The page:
Last May, I was in Prague to participate to a meeting organized by my company. I seized the occasion to have my wife and daughter fly with me to the “Golden Prague” or the “golden city” as the Czech capital is known, occasion of seeing one of the most beautiful cities in Central Europe.
There are many ways to reach Prague from Asia, but we took Finnair, as it was the most convenient way of reaching the city. My wife and daughter enjoyed the business class on board the Finnair flight to Prague.
It was an excellent flight, with the habitual excellent food of Finnair. Mitch and Maria-Sophia both enjoyed this short but agreeable trip.
The landing was smooth with the lovely Czech countryside developing for miles before the landing.
The “golden city”
Prague has often had the nickname of being the “golden city”, for its sheer beauty and baroque rooftops. Upon our arrival, we set out thus, to go and see for ourselves the beautiful city. My hotel was at the King’s Court, a very centrally located hotel in the old city of Prague. It allowed us to take a stroll immediately in the pedestrian center of the city.
We dropped our luggage and set off exploring the beautiful city of Prague right away
The Prague Castle
The obligatory passage of any visit in Prague is the Prague castle, of course. After meandering through the streets of Prague, we came across this magnificent IXth century castle, which is also the official seat of the President of the Czech Republic.
While the IXth century St. Vitus cathedral presents undoubtedly gothic features, the surroundings of the cathedral have been heavily influenced over the centuries by various constructions and particularly in the baroque style, such as the St. George basilica featured above.
The best part in Prague castle is probably the magnificent view over the rooftops. To get this view, you must enter a little coffee shop which offers an excellent package of coffee + strudel for about 5 €. Unbeatable for the magnificent views.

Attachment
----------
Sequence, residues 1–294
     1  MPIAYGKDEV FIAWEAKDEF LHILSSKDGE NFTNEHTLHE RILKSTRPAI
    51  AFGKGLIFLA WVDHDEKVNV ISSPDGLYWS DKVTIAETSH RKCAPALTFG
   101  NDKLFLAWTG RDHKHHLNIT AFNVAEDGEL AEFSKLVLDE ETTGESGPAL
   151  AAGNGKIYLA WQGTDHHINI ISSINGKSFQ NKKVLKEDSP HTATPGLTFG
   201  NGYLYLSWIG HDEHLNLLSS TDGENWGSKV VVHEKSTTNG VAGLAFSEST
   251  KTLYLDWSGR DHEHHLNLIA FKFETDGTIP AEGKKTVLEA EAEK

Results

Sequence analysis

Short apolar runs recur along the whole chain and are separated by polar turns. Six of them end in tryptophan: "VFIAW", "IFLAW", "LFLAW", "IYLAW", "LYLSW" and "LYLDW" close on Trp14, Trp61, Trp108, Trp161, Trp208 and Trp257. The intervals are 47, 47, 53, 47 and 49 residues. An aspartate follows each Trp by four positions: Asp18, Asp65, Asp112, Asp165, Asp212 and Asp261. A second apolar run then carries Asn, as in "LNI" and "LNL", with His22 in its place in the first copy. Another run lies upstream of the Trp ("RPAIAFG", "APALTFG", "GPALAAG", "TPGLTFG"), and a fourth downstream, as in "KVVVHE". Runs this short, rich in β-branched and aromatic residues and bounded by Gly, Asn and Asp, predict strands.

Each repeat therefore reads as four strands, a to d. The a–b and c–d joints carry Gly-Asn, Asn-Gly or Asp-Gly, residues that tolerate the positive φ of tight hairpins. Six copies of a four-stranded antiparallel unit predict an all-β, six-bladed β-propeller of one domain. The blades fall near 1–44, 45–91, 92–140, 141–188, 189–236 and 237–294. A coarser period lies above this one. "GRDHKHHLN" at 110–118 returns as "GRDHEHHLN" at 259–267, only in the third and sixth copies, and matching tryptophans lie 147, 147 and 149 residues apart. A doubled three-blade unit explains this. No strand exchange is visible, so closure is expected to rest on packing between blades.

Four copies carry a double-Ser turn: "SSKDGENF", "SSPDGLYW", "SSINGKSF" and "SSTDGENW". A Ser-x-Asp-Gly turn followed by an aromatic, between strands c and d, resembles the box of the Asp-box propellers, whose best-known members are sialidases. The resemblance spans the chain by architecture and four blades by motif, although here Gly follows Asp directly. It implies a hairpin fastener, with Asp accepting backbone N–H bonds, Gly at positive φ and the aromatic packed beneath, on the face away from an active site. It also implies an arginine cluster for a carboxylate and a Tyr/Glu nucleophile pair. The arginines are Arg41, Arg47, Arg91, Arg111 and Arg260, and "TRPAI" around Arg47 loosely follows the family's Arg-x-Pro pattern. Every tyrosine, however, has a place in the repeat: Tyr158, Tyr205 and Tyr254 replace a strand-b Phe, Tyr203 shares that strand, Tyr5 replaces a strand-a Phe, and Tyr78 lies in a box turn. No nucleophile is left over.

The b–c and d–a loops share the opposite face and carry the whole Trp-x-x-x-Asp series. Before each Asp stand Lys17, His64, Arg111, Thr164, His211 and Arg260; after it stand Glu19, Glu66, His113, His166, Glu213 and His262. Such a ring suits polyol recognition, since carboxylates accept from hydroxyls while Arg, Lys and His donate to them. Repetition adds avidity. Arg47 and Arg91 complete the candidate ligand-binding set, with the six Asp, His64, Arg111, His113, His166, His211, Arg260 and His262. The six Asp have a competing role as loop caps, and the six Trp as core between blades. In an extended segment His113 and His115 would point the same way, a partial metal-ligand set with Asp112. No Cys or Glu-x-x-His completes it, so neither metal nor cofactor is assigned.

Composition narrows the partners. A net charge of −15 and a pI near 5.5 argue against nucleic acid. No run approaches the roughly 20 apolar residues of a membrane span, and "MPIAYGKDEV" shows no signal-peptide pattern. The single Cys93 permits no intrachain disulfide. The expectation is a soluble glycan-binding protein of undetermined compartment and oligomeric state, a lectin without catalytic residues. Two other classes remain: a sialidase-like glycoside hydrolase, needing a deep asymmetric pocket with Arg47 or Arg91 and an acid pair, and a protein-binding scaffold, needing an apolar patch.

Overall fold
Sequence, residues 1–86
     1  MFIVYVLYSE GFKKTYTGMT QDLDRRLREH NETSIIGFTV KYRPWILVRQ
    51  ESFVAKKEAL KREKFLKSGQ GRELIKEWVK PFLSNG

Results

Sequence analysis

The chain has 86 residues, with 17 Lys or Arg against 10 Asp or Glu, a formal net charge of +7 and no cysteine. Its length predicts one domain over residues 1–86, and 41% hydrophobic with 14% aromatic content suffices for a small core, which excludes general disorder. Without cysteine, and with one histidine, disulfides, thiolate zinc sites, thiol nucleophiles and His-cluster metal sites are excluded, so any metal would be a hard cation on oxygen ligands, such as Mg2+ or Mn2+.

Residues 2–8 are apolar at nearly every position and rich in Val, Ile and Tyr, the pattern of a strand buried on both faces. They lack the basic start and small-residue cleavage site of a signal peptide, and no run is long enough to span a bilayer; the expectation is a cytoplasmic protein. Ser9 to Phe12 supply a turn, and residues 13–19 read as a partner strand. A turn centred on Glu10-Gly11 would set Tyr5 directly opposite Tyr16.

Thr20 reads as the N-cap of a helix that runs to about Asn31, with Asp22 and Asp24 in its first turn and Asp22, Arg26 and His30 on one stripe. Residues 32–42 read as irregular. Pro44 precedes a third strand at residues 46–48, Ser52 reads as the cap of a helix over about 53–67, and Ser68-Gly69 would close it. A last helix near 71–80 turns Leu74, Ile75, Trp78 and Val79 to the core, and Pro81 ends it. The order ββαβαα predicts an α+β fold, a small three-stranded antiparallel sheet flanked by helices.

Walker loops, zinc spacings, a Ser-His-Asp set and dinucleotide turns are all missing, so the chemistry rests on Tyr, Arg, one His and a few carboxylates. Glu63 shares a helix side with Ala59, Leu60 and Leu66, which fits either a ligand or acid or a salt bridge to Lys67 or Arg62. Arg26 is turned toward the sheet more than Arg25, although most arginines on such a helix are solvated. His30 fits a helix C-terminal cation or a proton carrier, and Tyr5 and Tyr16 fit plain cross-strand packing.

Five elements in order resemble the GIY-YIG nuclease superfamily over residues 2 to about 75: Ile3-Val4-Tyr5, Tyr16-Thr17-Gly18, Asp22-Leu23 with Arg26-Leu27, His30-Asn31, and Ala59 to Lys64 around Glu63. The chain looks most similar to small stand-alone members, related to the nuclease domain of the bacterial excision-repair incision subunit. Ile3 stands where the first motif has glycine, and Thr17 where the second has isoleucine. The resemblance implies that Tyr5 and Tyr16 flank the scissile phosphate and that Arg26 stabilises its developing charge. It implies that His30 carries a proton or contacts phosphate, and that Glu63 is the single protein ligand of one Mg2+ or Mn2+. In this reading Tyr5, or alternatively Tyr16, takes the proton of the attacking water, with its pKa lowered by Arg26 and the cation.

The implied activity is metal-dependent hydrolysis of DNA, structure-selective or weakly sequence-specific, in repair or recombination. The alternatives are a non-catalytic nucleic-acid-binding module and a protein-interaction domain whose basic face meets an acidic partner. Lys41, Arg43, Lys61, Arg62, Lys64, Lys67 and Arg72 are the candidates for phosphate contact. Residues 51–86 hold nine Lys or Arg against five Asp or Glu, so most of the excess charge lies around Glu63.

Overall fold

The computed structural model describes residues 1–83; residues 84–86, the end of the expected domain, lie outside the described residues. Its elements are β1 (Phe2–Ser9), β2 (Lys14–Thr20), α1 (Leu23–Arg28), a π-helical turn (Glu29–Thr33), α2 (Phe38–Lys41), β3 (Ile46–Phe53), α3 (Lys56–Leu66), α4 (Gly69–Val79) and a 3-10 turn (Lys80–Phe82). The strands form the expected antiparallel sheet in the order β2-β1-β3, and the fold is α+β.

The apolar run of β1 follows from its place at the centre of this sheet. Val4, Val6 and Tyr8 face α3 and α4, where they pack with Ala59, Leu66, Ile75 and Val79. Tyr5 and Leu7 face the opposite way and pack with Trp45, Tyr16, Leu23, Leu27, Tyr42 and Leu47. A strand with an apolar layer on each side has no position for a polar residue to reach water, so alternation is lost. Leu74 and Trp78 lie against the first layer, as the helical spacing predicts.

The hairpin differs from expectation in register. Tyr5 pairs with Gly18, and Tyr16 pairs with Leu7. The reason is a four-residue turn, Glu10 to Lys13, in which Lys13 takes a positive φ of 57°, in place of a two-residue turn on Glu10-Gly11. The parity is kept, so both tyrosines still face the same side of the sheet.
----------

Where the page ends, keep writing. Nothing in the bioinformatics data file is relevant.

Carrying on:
Most people decide to take pictures on the ramparts of the castle, and that’s what we did with Maria-Sophia too.
We eventually came back to Prague castle on our last day for more photos. It is worth pointing out that Asian tourists (and particularly Korean couples) seem to affection Prague, both at the castle and the Charles bridge for prenuptial pictorials.
Besides couples, you have also a lot of Asian tourists visiting this historical city.
Heading to the Moldau
You have two ways to go back to the Moldau. The first is to climb through the Wenceslas vineyards, which offer also a magnificent photo backdrop.
The other part involves exiting the castle at the opposite point of entrance and going down stairs in the old city. Many Asian tourists chose to take this route, just as these two Chinese tourists.
Of course, we also had our own photo sessions on these stairs.
Once we came back down to the historical center, we meandered again to the Charles bridge. This place is an absolute nightmare filled with tourists at any time of the day. The best moment to visit it is probably during early mornings, where fewer tourists are around.
The Charles Bridge
The Charles bridge is also famous for the saint who reportedly was executed on this bridge in the Middle Ages, namely Saint John of Nepomuk. Executed because, allegedly, he refused to betray the secret of the confession, it seems rather this execution was orbiting around the Western Schism. Saint John of Nepomuk supported a candidate wanted by the Roman Pope against the wishes of King Wenceslas for the attribution of a very rich abbey. This might be more of a motive than the romantic legend of refusing to violate the secrecy of confession.